BY ELLE WALLS
LONDON — Inside the Langar, a free community kitchen at a Sikh temple in a London suburb, three men wearing colorful turbans cluster around a giant pot. They’re preparing kara parshad, a cookie-dough-like pudding offered as a blessing from their God. Four other Sikh men are serving food at the counter in front of the kitchen.
Guests form a line in front of these men to receive a traditional Sikh meal. There are no tables or chairs, just rows of rugs where the diners sit on the floor to eat. A woman with a light blue scarf covering her hair washes dishes at the opposite end of the Langar.
None of these men or women is paid.
Throughout the day, volunteers of all ages come to the Gurdwara Sri Guru Singh Sabha, the largest Sikh temple outside India. Seva, or selfless service, is an important element of their religion. “The best way [to worship God] is to do some act—an act of kindness, an act of looking after your family, an act of charity,” says Sukhpreet Singh, a practicing Sikh and lecturer at Bournemouth University.
Sikhism was founded in the 15th century, making it the world’s youngest monotheistic religion. More than 20 million around the globe practice Sikhism. It started as a reaction against Hinduism and the divisions it created between its followers, such as castes. The new religion emphasized justice, equality and fellowship.
Sikhism is built on the teachings of ten gurus, beginning with Guru Nanak. The tenth, Guru Gobind Singh, decided that his successor wouldn’t be a human but rather the Sikh’s sacred text. The 1,430-page Guru Granth Sahib includes lessons from each guru as well as people of other faiths.
One of the lessons is Guru Nanak’s three pillars of Sikhism—Naam Japo, or remembering God; Wand kay Shako, or sharing one’s wealth with those in need; and Kira Kami, or working hard and living an honest life. “Community service is the second part of Sikhism,” says Balbir Singh, a volunteer at Sri Guru Singh Sabha Southall Gurdwara. “It’s part of the exercise; it’s a spiritual exercise.”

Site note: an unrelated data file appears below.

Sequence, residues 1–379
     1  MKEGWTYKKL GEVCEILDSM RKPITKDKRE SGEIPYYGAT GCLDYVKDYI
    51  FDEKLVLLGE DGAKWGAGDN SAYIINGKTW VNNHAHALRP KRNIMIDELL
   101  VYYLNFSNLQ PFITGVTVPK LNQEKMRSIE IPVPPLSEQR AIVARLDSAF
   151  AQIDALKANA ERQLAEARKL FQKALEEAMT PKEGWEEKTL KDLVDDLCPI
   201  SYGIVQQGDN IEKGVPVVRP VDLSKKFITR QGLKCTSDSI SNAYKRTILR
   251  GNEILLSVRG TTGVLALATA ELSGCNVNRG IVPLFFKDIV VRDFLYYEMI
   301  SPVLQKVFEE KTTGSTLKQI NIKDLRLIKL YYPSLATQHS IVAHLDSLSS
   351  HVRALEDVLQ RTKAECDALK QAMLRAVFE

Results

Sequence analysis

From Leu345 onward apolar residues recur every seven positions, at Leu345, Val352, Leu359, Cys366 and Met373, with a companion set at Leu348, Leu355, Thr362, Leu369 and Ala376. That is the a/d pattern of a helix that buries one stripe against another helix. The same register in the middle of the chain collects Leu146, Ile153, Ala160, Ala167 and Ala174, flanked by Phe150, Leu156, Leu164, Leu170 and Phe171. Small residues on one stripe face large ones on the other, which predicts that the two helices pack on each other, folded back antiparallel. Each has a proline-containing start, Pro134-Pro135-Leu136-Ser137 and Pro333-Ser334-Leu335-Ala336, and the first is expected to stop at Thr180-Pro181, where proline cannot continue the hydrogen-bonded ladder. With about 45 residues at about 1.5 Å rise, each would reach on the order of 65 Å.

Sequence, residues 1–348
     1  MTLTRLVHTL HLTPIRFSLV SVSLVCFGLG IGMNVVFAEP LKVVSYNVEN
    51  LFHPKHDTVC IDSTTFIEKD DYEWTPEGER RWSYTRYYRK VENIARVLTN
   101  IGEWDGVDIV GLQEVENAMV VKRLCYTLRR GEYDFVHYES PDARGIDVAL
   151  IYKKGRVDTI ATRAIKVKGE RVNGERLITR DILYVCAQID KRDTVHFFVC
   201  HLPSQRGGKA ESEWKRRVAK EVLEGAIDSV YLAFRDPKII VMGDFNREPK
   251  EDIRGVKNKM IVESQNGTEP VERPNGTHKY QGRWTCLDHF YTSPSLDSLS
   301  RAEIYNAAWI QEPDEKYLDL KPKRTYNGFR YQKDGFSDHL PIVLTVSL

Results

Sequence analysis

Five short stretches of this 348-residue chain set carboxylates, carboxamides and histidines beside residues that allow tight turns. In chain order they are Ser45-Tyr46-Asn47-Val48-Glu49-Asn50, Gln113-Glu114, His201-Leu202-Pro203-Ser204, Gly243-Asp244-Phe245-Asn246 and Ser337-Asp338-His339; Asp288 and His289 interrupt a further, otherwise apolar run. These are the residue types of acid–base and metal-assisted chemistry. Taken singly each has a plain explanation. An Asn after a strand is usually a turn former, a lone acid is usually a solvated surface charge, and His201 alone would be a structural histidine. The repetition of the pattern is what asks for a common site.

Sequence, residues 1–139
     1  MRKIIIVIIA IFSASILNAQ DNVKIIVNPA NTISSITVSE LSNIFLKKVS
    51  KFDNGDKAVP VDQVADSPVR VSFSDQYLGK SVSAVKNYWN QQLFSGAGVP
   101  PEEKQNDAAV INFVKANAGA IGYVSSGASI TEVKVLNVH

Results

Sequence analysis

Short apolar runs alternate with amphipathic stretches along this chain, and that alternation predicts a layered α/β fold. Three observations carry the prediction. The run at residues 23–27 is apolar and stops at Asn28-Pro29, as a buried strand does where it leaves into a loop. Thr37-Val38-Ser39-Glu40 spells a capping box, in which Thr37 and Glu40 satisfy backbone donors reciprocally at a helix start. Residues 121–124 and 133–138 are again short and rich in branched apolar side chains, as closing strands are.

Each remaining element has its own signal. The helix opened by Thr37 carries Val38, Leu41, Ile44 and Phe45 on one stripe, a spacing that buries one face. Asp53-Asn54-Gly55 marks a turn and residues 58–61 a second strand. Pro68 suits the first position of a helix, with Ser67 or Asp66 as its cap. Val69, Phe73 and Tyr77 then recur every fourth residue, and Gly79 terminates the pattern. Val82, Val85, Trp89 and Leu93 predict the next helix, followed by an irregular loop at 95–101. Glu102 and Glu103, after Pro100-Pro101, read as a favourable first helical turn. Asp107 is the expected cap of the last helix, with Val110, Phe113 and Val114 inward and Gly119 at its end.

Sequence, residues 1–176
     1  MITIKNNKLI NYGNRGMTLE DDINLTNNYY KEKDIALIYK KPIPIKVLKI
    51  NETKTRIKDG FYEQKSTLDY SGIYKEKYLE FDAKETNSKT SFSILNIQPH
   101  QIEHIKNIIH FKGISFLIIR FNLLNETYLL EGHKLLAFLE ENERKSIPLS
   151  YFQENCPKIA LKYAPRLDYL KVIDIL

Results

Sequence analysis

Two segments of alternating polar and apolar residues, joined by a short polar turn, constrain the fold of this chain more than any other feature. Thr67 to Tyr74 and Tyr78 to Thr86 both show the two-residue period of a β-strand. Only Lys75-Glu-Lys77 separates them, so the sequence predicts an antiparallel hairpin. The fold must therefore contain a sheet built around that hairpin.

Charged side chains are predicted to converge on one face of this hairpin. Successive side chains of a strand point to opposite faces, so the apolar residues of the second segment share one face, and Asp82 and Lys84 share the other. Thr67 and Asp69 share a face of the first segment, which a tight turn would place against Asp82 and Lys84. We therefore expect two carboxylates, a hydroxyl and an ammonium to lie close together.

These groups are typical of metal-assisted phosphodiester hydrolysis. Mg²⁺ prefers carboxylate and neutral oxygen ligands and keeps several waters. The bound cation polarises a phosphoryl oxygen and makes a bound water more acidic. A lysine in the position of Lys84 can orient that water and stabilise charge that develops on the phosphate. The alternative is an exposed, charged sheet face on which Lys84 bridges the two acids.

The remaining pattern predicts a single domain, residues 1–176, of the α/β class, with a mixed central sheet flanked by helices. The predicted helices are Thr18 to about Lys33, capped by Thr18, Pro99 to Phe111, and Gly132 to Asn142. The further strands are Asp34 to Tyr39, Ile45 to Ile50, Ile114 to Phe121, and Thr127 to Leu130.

Some volunteers work three or four hours every day in the Gurdwara. “We start early in the morning at 5 o’clock and go until 10 p.m. close,” says volunteer Harjit Singh, who cooks and serves food in the Langar.
Volunteers give back to the community by cooking, cleaning, washing dishes, passing out Parshad, and singing and playing music. “Someone told me that washing dishes actually cleanses your conscious,” Sukhpreet says.
Even though the Southall Gurdwara is a Sikh temple, all members of the community are welcome to worship, cook or eat here. “Anyone in the neighborhood who fancies coming to the Gurdwara and having a good time can come,” Suhkpreet says. “Volunteering can take very different aspects, very different faces.”
Click here for Megan Nelson’s visual representation of the story.